Book Series Architectura Moderna, vol. 1

The Reception of P.P. Rubens's 'Palazzi di Genova' during the 17th Century in Europe: Questions and Problems

Piet Lombaerde (ed)

  • Pages: 262 p.
  • Size:220 x 280 mm
  • Illustrations:200 b/w
  • Language(s):English, French, German
  • Publication Year:2002

  • ISBN: 978-2-503-51301-0
  • Paperback
  • Available
  • ISBN: 978-2-503-55575-1
  • E-book
  • Available


"These are handsome and sturdy (if expensive) paperback volumes…and are bound up to open up many new areas of research…they should be applauded. One hopes that further volumes will appear in this series".  (Andrew Hopkins, in Sixteenth Century Journal, XLI, 4, winter 2010, pp. 1153-1155)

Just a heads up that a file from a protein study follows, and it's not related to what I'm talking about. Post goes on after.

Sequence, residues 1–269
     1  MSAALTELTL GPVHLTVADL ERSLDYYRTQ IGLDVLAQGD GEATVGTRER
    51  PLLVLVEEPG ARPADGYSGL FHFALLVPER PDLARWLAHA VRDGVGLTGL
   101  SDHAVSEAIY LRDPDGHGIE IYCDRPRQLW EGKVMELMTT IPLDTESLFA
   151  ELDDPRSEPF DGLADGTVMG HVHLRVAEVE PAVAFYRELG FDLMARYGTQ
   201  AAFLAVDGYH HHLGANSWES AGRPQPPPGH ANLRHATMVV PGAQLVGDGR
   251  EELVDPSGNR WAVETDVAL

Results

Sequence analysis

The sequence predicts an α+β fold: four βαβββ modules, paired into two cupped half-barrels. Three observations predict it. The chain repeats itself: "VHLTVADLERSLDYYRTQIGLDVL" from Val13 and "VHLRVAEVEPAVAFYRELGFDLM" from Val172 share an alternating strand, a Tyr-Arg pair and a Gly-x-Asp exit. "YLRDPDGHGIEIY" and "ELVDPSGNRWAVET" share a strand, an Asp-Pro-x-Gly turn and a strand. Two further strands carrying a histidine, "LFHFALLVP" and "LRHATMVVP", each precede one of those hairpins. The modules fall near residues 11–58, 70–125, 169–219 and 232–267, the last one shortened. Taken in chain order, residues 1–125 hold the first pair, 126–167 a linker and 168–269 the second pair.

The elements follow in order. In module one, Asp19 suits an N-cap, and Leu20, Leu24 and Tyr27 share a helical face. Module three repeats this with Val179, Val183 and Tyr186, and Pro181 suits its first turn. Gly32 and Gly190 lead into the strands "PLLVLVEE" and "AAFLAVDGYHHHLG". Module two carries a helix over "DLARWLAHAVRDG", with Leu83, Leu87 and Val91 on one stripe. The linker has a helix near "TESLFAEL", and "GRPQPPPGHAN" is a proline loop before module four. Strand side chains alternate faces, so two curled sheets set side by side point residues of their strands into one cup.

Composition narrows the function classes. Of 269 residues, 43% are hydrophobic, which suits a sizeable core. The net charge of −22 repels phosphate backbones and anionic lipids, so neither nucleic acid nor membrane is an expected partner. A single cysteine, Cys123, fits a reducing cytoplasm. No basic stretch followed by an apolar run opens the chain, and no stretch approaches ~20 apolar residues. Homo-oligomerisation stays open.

Rubens' book 'Palazzi di Genova' was well diffused in European countries as England, the Netherlands, France, Germany and Italy thanks to the numerous contacts the famous painter and diplomat maintained in humanistic, artistic and political circles. From 1622 on this book, containing two volumes, was edited at several times during the 17th and 18th Century. But the direct influences of the numerous façades, plans, cross-sections, staircases and building details on modern architecture look rather limited, especially in his own country. In this study, several scholars in architectural history analyse how the examples of Genoese palazzi and churches as presented by Rubens were accepted in different European countries. Much attention is given to the question if these examples inspired a new architectural typology, in which the inner court of the houses was substituted by a 'salone in mezzo'. An attempt is made to situate Rubens' book among the late 16th and early 17th Century treatises and model books. The way in which Rubens presented the new Genoese architecture of villa's, palaces and churches and the introduction he wrote as a 'painter-architect' to this book were so modern at that time, that the reception of this prestigious edition in folio had more to do with changes in considering architectural theory and practice as with the propagation of a late renaissance style influenced by Antique examples.